Bonnie’s Book Bytes: No “Bones” about it; Jonathan Kellerman’s latest is a hit

Bonnie Godas

I have always been fascinated by how people become attracted to certain genres of fiction, and suspense novels are certainly high on this perplexing list. It is also interesting to see how authors use themselves as part of the story, thus referring to the subject they know best: Themselves. In his latest work Bones, New York Times bestseller Jonathan Kellerman uses this technique to not only add depth and realism to his characters, but also to show the reader a little sliver of the man behind them.

Kellerman is a highly-trained and successful medical professional and holds a Ph.D. in psychology. He is also the author of numerous medical books in the field of child psychology. In addition, he is an avid guitar player and collector of vintage guitars, of which he wrote a book, and an accomplished painter and drawer. Wow! Talk about an overachiever. So why would a person who is quite successful in his career as a medical professional go ahead and start a new career in literature?

In a way he really isn’t. Kellerman writes a lot about what he already knows and fuses his knowledge into his books. Other authors have done the same, using their first career and putting what they know into a second one. Two of these authors come to mind: John Grisham, a lawyer who wrote many courtroom dramas, and Robin Cook, an anesthesiologist at the Mass Eye and Ear Infirmary who wrote the best seller Coma.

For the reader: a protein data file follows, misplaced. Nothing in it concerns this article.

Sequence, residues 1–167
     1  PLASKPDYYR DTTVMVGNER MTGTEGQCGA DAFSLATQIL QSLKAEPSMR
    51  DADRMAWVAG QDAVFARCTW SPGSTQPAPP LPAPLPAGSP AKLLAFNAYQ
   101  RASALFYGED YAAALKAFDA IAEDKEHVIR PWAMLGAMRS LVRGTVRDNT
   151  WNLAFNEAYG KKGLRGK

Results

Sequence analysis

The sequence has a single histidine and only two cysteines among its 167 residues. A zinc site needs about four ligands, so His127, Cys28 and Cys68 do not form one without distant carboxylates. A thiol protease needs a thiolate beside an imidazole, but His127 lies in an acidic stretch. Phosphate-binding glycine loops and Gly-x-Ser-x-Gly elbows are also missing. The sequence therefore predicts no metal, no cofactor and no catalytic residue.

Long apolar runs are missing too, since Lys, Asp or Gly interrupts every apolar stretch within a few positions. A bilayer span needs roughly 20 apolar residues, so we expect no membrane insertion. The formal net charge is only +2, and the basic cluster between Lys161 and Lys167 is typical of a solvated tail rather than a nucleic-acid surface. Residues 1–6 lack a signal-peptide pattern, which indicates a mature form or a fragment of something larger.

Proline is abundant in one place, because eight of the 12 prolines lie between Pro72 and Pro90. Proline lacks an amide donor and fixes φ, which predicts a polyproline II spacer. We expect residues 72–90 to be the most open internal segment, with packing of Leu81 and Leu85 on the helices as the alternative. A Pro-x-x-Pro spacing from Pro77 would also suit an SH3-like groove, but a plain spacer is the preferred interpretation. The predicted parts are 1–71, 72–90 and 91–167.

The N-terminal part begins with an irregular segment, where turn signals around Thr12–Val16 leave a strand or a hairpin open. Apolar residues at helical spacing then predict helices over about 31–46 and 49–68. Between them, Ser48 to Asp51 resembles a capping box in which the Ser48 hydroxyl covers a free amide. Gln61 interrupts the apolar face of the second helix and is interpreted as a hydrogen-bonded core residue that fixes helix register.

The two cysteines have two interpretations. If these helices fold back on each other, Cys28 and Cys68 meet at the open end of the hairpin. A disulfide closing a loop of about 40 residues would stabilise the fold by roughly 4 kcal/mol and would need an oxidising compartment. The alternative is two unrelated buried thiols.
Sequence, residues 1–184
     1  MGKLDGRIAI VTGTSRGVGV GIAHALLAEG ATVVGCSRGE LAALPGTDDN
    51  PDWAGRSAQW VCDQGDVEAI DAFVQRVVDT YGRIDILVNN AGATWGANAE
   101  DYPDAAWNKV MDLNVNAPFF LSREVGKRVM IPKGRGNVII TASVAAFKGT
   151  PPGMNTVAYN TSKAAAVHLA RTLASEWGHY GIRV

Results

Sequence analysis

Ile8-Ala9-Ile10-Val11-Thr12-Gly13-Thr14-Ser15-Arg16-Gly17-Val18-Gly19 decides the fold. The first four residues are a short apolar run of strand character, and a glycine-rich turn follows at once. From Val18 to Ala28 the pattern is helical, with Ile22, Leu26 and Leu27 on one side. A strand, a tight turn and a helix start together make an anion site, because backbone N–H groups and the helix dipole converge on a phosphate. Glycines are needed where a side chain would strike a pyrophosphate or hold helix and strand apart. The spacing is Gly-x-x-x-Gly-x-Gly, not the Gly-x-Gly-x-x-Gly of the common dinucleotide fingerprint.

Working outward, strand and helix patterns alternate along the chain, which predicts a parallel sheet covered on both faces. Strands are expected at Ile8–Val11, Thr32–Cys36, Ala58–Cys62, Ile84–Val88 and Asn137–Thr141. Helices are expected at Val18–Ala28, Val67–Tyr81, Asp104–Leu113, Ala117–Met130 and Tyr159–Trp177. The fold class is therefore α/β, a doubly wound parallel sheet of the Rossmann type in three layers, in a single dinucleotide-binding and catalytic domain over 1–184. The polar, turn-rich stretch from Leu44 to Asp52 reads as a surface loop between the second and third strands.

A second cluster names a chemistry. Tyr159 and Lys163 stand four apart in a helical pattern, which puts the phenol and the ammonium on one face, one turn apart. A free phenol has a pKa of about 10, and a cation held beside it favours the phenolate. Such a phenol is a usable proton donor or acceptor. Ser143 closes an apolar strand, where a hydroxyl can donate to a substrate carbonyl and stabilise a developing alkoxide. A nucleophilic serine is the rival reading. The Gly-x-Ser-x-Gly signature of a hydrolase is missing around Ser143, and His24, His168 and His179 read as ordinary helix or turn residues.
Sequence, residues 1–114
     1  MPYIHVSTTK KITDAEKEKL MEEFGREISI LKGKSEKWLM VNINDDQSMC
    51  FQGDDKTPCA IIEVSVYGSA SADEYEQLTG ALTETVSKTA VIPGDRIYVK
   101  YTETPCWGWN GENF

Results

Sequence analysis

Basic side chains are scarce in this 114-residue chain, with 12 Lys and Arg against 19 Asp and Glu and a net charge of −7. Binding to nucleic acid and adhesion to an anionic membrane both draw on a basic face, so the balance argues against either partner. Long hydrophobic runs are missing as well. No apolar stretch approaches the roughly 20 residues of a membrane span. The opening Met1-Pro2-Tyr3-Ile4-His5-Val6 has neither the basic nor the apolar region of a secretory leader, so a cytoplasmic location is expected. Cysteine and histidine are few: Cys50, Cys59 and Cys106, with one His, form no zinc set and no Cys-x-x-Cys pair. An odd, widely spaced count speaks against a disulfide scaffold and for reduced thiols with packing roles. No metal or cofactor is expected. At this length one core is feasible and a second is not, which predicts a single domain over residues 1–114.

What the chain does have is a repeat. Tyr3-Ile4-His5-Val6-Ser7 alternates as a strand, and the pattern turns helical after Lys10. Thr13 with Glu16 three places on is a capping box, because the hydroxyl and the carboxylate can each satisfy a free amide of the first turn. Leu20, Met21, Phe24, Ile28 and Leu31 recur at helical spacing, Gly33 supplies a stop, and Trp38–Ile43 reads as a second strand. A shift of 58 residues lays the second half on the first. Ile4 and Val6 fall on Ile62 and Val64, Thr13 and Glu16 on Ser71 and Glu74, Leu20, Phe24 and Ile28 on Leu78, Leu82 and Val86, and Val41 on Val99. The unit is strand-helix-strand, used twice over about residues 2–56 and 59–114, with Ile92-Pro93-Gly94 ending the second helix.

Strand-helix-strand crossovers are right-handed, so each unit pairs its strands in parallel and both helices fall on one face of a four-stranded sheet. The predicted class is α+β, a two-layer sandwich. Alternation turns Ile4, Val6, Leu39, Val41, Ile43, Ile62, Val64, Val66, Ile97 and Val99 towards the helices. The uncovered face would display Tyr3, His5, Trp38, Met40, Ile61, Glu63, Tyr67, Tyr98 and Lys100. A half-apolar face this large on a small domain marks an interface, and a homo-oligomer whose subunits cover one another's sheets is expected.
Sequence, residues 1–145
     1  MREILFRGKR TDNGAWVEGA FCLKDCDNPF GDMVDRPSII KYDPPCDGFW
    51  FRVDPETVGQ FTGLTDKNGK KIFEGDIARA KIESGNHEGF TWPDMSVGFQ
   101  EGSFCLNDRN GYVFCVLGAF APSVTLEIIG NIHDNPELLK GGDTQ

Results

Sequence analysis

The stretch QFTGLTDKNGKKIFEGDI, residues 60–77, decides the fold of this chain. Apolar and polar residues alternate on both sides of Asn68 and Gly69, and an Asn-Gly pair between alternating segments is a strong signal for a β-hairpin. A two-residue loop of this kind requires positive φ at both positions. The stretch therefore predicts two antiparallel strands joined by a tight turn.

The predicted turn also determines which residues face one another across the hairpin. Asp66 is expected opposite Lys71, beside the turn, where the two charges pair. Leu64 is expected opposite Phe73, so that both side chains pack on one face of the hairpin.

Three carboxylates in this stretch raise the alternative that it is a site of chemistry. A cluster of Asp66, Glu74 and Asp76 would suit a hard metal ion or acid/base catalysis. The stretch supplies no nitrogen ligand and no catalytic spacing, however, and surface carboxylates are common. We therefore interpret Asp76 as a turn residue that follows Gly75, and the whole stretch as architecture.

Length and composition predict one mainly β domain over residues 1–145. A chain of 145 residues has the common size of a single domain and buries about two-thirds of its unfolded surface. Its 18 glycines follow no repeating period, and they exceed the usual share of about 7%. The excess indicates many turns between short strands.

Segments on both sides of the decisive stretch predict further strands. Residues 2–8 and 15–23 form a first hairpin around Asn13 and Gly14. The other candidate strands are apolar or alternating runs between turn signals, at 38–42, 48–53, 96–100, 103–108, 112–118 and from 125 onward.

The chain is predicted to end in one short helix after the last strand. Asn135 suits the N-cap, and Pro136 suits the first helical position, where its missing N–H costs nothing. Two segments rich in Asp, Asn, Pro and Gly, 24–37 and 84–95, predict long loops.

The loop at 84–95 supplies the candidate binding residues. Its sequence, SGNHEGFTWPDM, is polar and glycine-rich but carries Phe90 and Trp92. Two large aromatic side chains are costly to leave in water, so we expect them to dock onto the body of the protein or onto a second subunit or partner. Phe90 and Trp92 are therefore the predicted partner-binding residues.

Kellerman’s novels feature Alex Delaware, a child psychologist who is, as Kellerman describes him, “driven, curious and compulsive.” Alex is a striking parallel to the author himself, who also identifies with the same group of terms.

Kellerman has written twenty-three novels and his most recent is an intelligent suspense story called Bones. The story is about a character named Chance Brandt who, as the story opens, is doing community service in an area of California called Bird Marsh Nature Conservatory. During this time, Chance receives a mysterious phone call that says that there are bodies buried in the marshes. He thinks it’s a hoax but reports it to the authorities anyway. The man who leads the investigation is Milo Sturgis, the main character who takes psychologist Alex Delaware (Jonathan Kellerman’s alter-ego) to help him find the bodies, which they eventually do. On all of the four bodies the right hand was removed. It seems at first that the murderer had a focused motive as the victims were all prostitutes, but the fourth body that was found belonged to musician and piano teacher Selena Bass who had nothing in common with the other victims.

The novel takes the reader through a couple of turns, while introducing us to the numerous characters that may or may not be involved with the murder. Eventually the truth is found and due punishment is served forth.

It seems that Kellerman is attracted to this kind of fiction and it suits him well. When one asks him why he writes crime fiction he says, “all good fiction involves an element of mystery….Crime novels use extreme events-matters of life and death-to catalyze the story. That kind of intensity appeals to me. Trying to squeeze profundity out of banal events doesn’t. I’m interested in whydunits as well as whodunits.”

Kellerman’s fans are sure to be pleased with his latest work. I know that I, someone who wasn’t really familiar with his work, sure am.

Bones by Jonathan Kellerman can be purchased at any major book retailer.